What are some best practices, maybe some [00:14:00] tips that our listeners could adopt?

Brandon Lewis: so there are a few things that work and that create predictability and equity in your painting business and I always talk about low hanging fruit and about making sure that your foundations are real strong Even, Jason, when I talk to folks that run in 3 5 million dollar painting businesses that are only clear in 300 grand or 150 thousand dollars or whatever it may be, which they could make painting themselves for 2, 000 labor hours at 60 bucks an hour.

Just them. No helper, no business. You don't need 50 people to make 150. You go make 150 by yourself. It'll be a lot easier. aNd and when they come to me and they've got all these problems, like it's the same basic system omissions or broken systems over and over again. So a few of those in the marketing department, number one is you have this huge client list of people. That most painting contractors do not ever communicate with. They will spend ungodly amounts of [00:15:00] money to talk to strangers that have never behaviorally experienced the hiring of a painting contractor yet. When you ask them how much money or time or effort they put into people that have already funded their kids education, paid for their mortgage and their cars and their lifestyles, I don't spend any money on them.

It's the strangers. But if you ask people, if your kids were kidnapped and held at gunpoint, and you had to generate a hundred grand in three weeks, what would you do? It's never I would swap a credit card and run Facebook ads, it's I would call my customers, I'd email them, I'd go by and see them, I'd run, I'd go reach out to everybody who's ever referred me I'd go after some commercial, maybe some property managers that could give me some work real quick, and I'm like, why the hell aren't you doing it today?

When you describe that desperate scenario, everyone knows what works, but it requires a little effort. It requires a little knowledge. Staying in touch with your clients with an emailed and mailed newsletter every month. Gosh, that is so basic and fundamental. But it's what [00:16:00] every major industry does.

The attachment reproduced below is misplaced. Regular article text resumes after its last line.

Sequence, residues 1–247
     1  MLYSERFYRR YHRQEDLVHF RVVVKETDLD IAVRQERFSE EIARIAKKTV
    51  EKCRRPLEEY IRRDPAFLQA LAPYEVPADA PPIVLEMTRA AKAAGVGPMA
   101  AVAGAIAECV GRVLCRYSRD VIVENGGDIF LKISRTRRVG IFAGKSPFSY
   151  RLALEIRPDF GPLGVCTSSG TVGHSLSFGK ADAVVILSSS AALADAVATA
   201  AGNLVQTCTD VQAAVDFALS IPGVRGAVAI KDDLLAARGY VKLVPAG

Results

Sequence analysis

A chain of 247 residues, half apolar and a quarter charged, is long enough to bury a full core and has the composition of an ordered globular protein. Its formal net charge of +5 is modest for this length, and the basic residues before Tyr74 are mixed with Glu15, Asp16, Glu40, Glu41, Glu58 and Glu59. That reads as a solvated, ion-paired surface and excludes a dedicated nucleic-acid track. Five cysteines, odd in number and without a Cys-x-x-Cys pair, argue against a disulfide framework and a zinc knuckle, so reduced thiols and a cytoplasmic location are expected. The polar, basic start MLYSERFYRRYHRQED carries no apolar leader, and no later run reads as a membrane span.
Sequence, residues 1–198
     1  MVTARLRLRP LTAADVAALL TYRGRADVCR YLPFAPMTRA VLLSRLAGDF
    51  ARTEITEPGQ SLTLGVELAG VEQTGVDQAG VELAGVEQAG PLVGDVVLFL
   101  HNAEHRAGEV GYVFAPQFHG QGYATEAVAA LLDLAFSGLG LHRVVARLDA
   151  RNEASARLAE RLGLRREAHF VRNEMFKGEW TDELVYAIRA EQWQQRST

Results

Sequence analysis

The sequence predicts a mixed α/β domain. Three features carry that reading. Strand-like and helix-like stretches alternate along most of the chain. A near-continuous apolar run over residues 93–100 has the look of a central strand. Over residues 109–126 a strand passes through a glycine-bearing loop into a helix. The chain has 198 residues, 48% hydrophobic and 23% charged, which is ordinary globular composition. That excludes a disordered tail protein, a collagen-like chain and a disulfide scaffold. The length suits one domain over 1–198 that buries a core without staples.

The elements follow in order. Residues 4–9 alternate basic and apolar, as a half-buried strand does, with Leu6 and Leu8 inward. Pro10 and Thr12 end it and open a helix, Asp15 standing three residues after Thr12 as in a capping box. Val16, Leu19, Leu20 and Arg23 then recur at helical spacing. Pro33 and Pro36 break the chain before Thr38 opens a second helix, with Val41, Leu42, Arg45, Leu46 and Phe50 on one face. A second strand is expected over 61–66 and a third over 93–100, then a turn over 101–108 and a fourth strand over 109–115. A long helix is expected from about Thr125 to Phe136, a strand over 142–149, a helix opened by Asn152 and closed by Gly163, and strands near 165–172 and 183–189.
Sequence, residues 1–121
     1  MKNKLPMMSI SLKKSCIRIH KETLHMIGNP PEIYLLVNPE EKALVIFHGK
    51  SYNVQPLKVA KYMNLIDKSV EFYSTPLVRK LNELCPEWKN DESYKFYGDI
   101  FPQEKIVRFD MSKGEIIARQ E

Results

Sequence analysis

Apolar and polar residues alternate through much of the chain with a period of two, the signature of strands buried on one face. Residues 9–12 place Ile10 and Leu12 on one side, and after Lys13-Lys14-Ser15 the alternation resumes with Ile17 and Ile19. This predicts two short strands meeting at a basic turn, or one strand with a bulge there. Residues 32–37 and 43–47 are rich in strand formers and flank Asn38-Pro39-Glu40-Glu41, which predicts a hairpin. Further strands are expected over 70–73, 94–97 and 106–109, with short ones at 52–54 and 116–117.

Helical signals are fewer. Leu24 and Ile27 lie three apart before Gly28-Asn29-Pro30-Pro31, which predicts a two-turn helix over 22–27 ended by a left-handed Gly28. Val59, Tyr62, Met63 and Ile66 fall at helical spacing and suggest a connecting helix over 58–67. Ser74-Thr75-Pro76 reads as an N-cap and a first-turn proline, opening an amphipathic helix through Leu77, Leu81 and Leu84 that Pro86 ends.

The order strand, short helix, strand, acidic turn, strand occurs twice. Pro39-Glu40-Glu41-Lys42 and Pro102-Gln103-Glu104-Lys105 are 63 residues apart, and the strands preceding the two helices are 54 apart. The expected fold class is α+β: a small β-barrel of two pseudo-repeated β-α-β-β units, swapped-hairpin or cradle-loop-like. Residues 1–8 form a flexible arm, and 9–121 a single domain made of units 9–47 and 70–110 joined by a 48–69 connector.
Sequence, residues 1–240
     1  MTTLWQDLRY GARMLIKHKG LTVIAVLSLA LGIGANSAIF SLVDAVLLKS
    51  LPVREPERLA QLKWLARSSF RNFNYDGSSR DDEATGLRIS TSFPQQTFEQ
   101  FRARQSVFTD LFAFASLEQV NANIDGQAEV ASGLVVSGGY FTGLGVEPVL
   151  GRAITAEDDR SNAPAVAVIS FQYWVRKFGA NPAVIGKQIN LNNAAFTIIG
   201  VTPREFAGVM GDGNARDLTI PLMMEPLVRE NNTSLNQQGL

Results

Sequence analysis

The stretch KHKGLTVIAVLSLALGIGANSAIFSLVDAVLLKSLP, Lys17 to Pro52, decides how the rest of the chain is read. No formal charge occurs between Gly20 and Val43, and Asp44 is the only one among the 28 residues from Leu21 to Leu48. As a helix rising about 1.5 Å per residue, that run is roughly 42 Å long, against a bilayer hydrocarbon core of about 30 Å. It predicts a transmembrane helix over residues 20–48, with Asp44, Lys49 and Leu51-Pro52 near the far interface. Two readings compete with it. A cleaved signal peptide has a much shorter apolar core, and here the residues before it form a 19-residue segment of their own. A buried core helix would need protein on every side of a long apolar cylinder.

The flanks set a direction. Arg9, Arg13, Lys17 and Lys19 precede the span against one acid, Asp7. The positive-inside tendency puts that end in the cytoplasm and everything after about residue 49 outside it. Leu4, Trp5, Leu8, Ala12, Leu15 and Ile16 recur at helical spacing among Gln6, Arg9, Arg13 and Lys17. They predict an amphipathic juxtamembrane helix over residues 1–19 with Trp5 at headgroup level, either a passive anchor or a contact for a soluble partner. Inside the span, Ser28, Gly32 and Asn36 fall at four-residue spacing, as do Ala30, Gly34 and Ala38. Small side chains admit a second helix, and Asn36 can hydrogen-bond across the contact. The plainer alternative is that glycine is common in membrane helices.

You stay at a hotel, you give to a political candidate. If you go to a retail or a restaurant establishment that has their act together, they try to get you into a loyalty or awards program, so they can market to you until you buy. Again, or until you die, but we don't do it in the painting industry, and the only reason we can get away with it, is because our margins, if...

They should be about 50 percent which means you double your money on every project in about two weeks. It's because the economics in the trades is so forgiving that we can screw up everything in the business and still make money. Whereas if you try that in retail, you try that in the hotel business, you try that in a political campaign, you're gonna be out of business.

The other two points that I would make, and these are low hanging fruit, are B2B referral sources. Realtors, interior decorators roofers, plumbers other people, they are in front of your clients and they have a client list of thousands of people. They are constantly in front of them. I believe that relationship [00:17:00] marketing is so much more powerful than picking off homes one at a time.

When you find a realtor who can send you 150, 000 a year, predictably in revenue, go find some more of those. Have a program for that. And then finally commercial repaints. It's very, it tends to be a lot more recession proof especially during the winter months. You've got year end spending and folks are putting together their fiscal budget for the next year.